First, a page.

Complex Layouts in ATF

This document describes how to deal with complex layouts, such as tabular formatting, in ATF.

Tablets with unusual layouts

Some tablets have unusual layouts that are hard to describe using the standard hierarchy of lines-within-columns-within-surfaces such as obverse or reverse. Blocks of text may be upside-down relative to the rest, for instance, or run from reverse to obverse.

In such cases, it is best not to use the standard structure codes such as @obverse and @column 1 but to use the @surface tag instead. For instance:

&P363868 = TCL 06, 13

#atf: lang akk-stdbab
#project: cams
#atf: use unicode

@column 1
$ (column runs from obverse to reverse)

@surface obv top
$ start of obverse missing
$ single ruling
1'.	 [... an]-na#-a-ti ana?# DUH.LAL₃
2'.	 [...] {na₄}GIŠ.NU₁₁.GAL
$ single ruling

@surface 90 degrees
$ single ruling
1. [...] $HA $SU x [...] x $KI $KAL E₂.GAL MAH {d}LUGAL.IR₉.RA
$ rest of surface missing

@surface 270 degrees
1. [...] {d#}40 GUB-MEŠ {mul}dele-bat {mul}ŠU.GI {mul}UR.GU.LA 

The online version (on CAMS []) does not attempt to replicate the directionality of the writing, but it describes and preserves the orientations and relationships of the blocks of text.

Tablets with both continuous and tabular formatting

Simple tables, with just a few columns, can be edited in Emacs with & before each cell of the table (and @& serving the same function in the translation).

To mark text that spans more than one column - such as table headers, interlinear notes, or colophons - add the number of columns spanned to the preceding &. For instance &3 precedes text that spans three columns of a table.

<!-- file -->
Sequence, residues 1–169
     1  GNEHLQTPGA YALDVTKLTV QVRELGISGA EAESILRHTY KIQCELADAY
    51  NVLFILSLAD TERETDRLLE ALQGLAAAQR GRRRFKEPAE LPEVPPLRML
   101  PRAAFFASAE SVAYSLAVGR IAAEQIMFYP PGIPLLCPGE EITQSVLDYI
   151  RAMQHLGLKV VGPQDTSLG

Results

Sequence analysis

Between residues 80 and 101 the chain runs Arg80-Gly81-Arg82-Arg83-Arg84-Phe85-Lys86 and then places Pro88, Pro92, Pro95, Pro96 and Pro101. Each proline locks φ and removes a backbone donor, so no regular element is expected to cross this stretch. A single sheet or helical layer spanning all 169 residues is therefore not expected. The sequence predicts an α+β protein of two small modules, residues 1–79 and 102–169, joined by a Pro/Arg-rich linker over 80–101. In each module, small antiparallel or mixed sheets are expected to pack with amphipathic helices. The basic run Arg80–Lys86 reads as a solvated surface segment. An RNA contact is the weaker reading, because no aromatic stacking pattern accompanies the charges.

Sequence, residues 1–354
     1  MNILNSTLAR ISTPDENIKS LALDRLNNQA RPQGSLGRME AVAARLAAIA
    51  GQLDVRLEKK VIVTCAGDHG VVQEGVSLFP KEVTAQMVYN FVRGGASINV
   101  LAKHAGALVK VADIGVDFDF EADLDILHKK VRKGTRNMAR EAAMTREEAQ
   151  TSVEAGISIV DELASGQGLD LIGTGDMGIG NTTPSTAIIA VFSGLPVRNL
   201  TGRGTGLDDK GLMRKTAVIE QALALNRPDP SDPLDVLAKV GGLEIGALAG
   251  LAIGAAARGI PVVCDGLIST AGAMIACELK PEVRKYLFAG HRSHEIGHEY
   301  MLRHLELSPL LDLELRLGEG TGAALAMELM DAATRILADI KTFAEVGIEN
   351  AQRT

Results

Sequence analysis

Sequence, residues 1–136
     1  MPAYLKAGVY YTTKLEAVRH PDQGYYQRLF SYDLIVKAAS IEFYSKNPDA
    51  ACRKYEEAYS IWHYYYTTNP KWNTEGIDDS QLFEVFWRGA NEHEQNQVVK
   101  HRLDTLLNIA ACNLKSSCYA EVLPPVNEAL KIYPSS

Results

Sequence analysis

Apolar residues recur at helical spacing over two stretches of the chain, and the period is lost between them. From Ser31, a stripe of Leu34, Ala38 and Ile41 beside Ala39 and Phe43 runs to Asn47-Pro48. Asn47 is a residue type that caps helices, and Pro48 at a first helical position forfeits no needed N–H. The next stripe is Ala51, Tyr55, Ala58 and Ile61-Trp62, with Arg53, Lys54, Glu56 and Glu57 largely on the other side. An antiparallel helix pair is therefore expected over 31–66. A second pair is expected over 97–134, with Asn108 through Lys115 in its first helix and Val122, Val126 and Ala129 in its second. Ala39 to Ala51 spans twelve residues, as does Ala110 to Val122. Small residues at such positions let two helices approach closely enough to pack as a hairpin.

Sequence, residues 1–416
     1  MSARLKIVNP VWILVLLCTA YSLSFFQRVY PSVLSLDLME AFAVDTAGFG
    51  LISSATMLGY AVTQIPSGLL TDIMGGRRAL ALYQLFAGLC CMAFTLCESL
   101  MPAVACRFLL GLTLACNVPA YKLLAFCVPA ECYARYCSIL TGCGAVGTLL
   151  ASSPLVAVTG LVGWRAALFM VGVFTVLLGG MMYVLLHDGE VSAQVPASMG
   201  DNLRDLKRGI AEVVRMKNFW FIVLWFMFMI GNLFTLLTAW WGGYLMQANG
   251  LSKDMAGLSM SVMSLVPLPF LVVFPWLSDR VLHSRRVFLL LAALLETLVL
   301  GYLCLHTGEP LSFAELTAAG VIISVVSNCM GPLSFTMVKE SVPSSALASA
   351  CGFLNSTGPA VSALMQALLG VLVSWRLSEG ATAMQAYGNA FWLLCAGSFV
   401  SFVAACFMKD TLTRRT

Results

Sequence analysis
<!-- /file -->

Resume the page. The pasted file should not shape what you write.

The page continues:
See the Advanced ATF and Lexical Conventions pages for more information about cells and fields.

Complex tables

For ease of editing, larger more complex tables - such as tabular administrative accounts or astronomical ephemerides - are best edited in OpenOffice [] Calc, a free, open-source spreadsheet program (also available as NeoOffice [] Calc for Macs). Using Calc will enable you to manage column spacing while still being able to validate and lemmatise your ATF. Calc spreadsheet filenames have the extension .ods so we will refer to them as ODS files here.

Setting up Calc

If you don't already have it, download and install OpenOffice [] or NeoOffice [] as you would any other application from the web.

Editing ATF in ODS

Now you are ready to type your ATF document. ODS files can only contain a single ATF document, which must be entered in Sheet 1 of the spreadsheet. The ATF processor ignores all other sheets.

NOTE that in the following image the language protocol line should read #atf: lang akk-x-stdbab according to current Oracc conventions.

A transliterated text in OpenOffice Calc

Translation proceeds in much the same way.

A translated text in OpenOffice Calc

Checking and lemmatising ODS files

You will need to check your ATF with the web service ATF checker []; you can't check it in Emacs.

When your ATF is clean, you can lemmatise it by clicking the Lemmatize button on the ATF checker [] page (once you have selected the ODS file you wish to lemmatise).

NOTE that in the following image the language protocol line should read #atf: lang akk-x-stdbab according to current Oracc conventions.

lemmatised ODS file

ODS files in project management

You (or your project manager, as appropriate) should treat ODS files just like ATF files. They are stored in a project's /00atf directory and can be re-opened and edited just like ATF files.

To count the lemmata in an ODS file you can do the following:

23 Jul 2014 osc at oracc dot org

Eleanor Robson

Eleanor Robson, 'Complex Layouts in ATF', Oracc: The Open Richly Annotated Cuneiform Corpus, Oracc, 2014 []

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